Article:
So I’m here at Prismic, with Chris Heilmann. Chris, can you introduce a little bit yourself what you’ve been doing?
I’ve been web developing for 20 years, now I’m a Principal Software Developer for Microsoft working on all web tooling there and the browser.
Right. You are working on EDGE, right? – Yes.
This is the feel of control, right? You can control every little detail.
So it what the case, right? It’s by block align, all the kind of thing, yeah. You had to kind of always know exactly how the browsers are behaving and now it’s a standard, there’s Flexbox, you express what you want and it’s implemented.
So the browser will help us with what? in CSS?
In CSS it helps us with the rendering of different interfaces, if you use grid, if you use Flexbox, it also helps us with the animations. So it’s helps us with the coloring. It helps with the fonts, all the things that you actually want to have. And it helps us with caching as well. A CSS file can get cached and can get reused by the browser. Whereas if you render something, every single time on every single frame differently, because you want to have full control of your animation, it cannot get cached and it will have to download the whole bunch every single time just because you want that control.
Right. So like for instance, here’s an example, why is it problematic to have a SPAN? And you know, kind of put a link, an action on it, an event on it and make it look as a button? What could go wrong?
A SPAN does nothing. A DIV has no semantic meaning. A DIV could be anything. It’s a placeholder. If think about it, it’s a variable, it has been undefined in CSS, so to say. Not really, but it’s nothing. Whereas a button already when you tell a button in HTML, the browser renders it as something clickable, it tells somebody who is blind that this is something clickable as well. It gives you a depressed state. It gives you a state that is invalid. It gives you a state where it’s greyed out that you can just control with an attribute as well, Like all the different UX states of a button that you have to define if you use a , are already given to you in the browser because it’s built-in. Of course, it might not be to your liking the way it looks, but in the past we couldn’t style it. Nowadays, styling of buttons is completely possible, across all the browsers that we have nowadays as well.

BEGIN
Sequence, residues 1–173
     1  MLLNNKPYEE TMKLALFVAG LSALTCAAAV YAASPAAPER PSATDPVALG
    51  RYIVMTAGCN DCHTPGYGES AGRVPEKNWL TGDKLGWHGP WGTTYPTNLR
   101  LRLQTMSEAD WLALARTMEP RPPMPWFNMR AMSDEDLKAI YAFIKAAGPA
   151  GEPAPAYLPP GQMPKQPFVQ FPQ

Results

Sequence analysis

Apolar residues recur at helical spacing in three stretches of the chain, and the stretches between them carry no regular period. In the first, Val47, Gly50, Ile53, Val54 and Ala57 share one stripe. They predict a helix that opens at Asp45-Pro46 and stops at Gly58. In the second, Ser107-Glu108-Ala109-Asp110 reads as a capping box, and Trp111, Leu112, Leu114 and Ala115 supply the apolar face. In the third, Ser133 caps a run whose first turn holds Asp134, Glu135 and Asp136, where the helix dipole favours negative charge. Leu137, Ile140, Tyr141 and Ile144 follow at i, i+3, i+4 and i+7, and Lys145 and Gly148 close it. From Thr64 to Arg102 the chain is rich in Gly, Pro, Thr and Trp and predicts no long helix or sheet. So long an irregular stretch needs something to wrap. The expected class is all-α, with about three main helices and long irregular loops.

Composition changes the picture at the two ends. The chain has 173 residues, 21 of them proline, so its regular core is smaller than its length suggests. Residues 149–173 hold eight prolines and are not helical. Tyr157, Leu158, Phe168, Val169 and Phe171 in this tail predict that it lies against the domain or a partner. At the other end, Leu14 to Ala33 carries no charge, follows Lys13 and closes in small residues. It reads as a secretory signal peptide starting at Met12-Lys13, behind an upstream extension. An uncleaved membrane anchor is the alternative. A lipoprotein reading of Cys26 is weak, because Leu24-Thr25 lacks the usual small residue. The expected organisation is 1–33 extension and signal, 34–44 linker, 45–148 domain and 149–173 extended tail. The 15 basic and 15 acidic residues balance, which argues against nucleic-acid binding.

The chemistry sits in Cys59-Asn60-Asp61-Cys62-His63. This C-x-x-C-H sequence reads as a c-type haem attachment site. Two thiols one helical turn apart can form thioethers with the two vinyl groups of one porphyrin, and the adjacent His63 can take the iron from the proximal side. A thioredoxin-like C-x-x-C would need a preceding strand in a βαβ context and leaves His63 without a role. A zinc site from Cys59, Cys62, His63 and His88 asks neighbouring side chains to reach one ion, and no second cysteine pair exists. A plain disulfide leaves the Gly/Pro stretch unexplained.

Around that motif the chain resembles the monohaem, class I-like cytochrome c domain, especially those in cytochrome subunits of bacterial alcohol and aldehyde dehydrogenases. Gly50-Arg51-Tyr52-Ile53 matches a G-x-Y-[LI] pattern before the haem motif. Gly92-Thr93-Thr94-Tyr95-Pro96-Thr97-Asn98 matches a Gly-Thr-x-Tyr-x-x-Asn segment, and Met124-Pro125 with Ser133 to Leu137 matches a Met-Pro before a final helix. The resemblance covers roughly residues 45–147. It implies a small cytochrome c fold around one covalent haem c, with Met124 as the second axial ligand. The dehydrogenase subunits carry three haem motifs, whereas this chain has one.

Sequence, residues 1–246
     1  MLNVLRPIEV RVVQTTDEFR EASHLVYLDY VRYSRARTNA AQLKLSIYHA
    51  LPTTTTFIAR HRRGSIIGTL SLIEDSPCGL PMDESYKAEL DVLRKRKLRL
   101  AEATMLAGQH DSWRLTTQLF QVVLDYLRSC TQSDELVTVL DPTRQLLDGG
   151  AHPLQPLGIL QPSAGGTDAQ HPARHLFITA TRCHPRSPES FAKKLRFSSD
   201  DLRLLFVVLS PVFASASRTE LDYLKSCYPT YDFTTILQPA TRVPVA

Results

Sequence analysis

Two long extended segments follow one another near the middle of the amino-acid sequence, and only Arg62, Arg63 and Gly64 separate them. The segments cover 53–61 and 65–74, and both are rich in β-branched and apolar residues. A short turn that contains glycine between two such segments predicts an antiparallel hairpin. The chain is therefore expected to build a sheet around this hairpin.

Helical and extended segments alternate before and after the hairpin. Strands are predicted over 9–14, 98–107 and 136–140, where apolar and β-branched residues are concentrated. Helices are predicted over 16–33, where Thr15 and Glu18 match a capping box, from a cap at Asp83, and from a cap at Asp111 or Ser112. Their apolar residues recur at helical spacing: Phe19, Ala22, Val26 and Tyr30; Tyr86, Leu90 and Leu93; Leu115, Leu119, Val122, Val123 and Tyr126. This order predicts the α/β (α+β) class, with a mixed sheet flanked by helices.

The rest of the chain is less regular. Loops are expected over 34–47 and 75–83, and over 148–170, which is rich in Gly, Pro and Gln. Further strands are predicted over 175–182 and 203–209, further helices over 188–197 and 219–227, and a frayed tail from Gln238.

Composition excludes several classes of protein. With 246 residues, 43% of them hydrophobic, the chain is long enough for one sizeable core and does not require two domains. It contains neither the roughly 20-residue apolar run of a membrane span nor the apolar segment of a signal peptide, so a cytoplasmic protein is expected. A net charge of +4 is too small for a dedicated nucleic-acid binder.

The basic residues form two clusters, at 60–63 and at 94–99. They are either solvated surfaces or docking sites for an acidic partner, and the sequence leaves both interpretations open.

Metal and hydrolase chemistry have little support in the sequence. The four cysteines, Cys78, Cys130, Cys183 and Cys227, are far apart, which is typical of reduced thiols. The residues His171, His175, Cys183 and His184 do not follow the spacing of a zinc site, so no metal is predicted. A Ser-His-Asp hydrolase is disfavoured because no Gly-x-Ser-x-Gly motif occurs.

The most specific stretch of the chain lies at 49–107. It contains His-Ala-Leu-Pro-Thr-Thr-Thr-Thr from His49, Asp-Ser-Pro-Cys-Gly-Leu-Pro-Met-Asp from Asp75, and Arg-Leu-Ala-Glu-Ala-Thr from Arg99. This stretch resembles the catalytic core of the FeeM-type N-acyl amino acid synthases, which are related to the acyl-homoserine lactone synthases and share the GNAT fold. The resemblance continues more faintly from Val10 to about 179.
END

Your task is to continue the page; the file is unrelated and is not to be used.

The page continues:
Another example is that in input fields for select for instance, it’s like the first time, I noticed it, a long timeago, whenever you click on a select box instead of trying, in your mobile phone, to kind of find the actual state that you want to select, it opens something down, which is much bigger, which is like much more visible.